No Guarantees


When George Bush threw up at a state dinner in Tokyo last January, he inadvertently expressed the appropriate response to the special pleadings of America's Big Three automakers. Unfortunately, it was Japanese Prime Minister Kiichi Miyazawa, rather than Chrysler chairman Lee Iacocca, who bore the brunt of the president's nausea.

Though a public-relations disaster, Bush's trip, by highlighting the hypocrisy of Iacocca et al., may yet have a positive impact on trade policy. It's difficult to see how anyone who followed the story could have failed to see the mendacity of these self-proclaimed free-trade advocates: We're not protectionists, they said, but we may not be able to stop Congress from slapping more tariffs on Japanese imports unless trade relations improve.

There is room for improvement. Like the United States, Japan maintains various trade barriers, including some in the auto industry. But the sort of improvement the Big Three have in mind is evident from their response to Japanese concessions.

Among other things, the Japanese government agreed to offer low-interest loans and tax incentives to U.S. firms doing business in Japan. Japanese car companies said they would buy more foreign-made auto parts and try to double the number of U.S. cars sold in Japan each year. American automakers objected not to the nature of these commitments but to their size. They like the idea of special assistance and guaranteed sales.

You might think that the Big Three would be embarrassed by the implication of this approach—that American manufacturers cannot compete without affirmative action. But like arrogant beggars, the heads of America's car companies consider a handout a matter of right rather than charity. "We didn't ask them to make concessions," insisted G.M. chairman Robert C. Stempel. "We're not asking that they give us anything. We're just asking to compete."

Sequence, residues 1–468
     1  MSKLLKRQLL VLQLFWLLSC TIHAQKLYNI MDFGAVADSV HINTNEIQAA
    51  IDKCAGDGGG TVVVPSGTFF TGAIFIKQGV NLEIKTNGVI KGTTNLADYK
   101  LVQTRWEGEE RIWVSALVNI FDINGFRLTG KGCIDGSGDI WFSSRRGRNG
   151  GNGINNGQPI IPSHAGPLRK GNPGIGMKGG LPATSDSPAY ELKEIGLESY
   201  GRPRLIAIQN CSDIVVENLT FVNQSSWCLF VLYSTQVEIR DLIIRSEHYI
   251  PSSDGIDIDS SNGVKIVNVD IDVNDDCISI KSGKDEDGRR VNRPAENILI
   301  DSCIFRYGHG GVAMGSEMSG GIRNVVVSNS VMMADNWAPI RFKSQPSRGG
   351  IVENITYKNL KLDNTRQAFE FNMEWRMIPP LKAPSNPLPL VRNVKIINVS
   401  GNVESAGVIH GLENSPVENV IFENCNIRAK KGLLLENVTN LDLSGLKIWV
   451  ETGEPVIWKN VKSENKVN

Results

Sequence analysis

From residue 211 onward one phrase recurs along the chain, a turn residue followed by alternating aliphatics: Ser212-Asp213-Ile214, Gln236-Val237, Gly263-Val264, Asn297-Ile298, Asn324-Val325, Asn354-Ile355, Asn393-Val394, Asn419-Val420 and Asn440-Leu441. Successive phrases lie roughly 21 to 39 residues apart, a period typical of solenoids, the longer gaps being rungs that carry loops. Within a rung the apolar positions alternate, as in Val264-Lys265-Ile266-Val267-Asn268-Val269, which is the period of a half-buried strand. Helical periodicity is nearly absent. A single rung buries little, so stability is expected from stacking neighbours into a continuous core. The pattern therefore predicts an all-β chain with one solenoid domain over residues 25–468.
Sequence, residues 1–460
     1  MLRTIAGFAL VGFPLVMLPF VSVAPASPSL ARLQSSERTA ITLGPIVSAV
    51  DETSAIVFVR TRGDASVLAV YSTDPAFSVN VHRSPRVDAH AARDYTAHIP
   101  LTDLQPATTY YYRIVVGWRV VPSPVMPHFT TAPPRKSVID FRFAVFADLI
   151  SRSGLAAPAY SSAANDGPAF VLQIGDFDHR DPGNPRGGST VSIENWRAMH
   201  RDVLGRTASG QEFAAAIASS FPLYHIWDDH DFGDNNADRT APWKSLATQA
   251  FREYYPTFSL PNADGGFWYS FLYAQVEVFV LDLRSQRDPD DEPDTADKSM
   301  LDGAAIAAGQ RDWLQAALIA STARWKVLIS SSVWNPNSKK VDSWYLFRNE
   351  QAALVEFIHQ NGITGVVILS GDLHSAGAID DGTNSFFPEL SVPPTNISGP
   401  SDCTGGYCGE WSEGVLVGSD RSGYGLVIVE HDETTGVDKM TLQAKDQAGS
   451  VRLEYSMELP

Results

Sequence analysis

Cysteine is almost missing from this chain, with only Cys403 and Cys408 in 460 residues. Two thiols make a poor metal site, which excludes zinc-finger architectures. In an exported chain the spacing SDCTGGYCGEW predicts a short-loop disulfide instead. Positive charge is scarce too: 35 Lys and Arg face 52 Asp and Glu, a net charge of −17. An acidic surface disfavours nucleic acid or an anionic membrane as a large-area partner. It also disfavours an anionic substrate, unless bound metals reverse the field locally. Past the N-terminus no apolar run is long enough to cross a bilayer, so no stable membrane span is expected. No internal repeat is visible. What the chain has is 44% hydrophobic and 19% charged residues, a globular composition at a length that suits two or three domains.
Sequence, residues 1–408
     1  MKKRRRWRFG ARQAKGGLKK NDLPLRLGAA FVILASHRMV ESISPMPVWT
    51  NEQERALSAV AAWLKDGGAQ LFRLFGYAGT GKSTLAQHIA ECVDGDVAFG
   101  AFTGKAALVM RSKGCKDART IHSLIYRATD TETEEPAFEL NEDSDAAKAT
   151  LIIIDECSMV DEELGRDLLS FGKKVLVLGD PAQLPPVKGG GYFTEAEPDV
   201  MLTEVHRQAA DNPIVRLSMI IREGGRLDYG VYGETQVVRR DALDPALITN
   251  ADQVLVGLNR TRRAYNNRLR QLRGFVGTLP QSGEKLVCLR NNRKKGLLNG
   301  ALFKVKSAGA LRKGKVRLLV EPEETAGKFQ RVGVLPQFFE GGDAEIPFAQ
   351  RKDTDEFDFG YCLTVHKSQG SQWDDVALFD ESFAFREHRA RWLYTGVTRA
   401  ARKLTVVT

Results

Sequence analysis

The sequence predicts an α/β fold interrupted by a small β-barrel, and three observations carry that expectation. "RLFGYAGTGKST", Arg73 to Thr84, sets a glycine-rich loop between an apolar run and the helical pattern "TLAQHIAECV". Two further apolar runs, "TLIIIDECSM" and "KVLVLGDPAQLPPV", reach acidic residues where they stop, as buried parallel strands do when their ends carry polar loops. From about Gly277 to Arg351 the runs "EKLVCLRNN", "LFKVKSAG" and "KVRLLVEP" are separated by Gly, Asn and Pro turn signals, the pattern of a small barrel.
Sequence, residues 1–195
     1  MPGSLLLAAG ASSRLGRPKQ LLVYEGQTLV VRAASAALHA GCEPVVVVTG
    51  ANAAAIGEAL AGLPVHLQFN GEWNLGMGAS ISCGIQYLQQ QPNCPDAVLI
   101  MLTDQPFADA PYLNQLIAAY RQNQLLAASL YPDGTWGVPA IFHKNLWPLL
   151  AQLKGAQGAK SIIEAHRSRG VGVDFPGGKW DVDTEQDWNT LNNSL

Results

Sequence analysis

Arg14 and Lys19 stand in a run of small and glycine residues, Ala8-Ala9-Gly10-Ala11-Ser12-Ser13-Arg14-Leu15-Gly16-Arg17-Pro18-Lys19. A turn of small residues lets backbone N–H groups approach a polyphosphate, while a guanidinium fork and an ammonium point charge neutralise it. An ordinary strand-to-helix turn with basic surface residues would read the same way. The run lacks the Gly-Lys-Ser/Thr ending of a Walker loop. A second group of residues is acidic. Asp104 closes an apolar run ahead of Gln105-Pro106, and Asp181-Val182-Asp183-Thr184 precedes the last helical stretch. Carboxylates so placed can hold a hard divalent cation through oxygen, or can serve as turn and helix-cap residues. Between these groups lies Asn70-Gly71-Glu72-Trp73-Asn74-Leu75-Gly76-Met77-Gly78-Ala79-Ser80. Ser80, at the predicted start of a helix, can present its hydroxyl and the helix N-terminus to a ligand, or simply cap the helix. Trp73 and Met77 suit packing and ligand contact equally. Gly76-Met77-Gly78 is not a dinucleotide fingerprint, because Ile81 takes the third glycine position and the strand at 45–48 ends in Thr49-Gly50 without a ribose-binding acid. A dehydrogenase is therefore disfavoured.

Of course, they're asking for much more than that: They're asking—really, demanding—to compete without risk. When asked why they don't open manufacturing plants in Japan, why they don't set up their own distribution systems, why until recently they couldn't even produce a car with the steering wheel on the right side to accommodate Japanese drivers, U.S. automakers always give the same response: Too risky. We can't make those kinds of investments until we have enough sales volume to justify them.

"It would be nice to have factories here, but you go where you are wanted," Iaccoca said. "Obviously, if the market really starts to grow, you would like your own distribution system," Stempel said, "but we are not considering that now."

Japanese automakers think their U.S. counterparts have it exactly backwards: You build sales by making investments up front, by adapting your product to the new market, by taking a chance. The evidence suggests that this approach works. Such companies as Applied Materials, Schick, and Coca-Cola have pursued it successfully in Japan. And Japanese companies have used it to capture one-third of the U.S. car market. By contrast, American companies make less than 1 percent of the cars sold in Japan.

It's not credible to attribute this huge difference entirely to exclusionary trade practices, as the Big Three implicitly do. While some Japanese policies discourage private car ownership and raise the prices of foreign vehicles, they cannot account for the virtual absence of American cars from the Japanese marketplace. They certainly cannot explain why European car-makers are much more successful in Japan than their U.S. competitors, or why the Big Three are losing ground to the Japanese at home.

Indeed, complaints about Japanese protectionism from American car-makers are notably short on specifics. Taking a cue from U.S. civil-rights law, the Big Three prefer simply to assume that any statistical disparity is due to unfair discrimination. They try to justify this assumption, if at all, by citing the improved quality of American cars. But these speeches are aimed at politicians and policy makers rather than consumers. And that, in a nutshell, is the problem.